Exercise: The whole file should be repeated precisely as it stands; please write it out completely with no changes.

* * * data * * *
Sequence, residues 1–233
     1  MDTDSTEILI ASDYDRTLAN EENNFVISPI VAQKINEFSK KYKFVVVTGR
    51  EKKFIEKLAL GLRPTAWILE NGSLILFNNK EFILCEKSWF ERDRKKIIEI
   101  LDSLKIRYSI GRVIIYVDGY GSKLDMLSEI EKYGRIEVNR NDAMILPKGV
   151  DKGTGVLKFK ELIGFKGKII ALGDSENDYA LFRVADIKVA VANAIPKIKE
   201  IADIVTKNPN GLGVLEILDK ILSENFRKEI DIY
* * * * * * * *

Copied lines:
Sequence, residues 1–233
     1  MDTDSTEILI ASDYDRTLAN EENNFVISPI VAQKINEFSK KYKFVVVTGR
    51  EKKFIEKLAL GLRPTAWILE NGSLILFNNK EFILCEKSWF ERDRKKIIEI
   101  LDSLKIRYSI GRVIIYVDGY GSKLDMLSEI EKYGRIEVNR NDAMILPKGV
   151  DKGTGVLKFK ELIGFKGKII ALGDSENDYA LFRVADIKVA VANAIPKIKE
   201  IADIVTKNPN GLGVLEILDK ILSENFRKEI DIY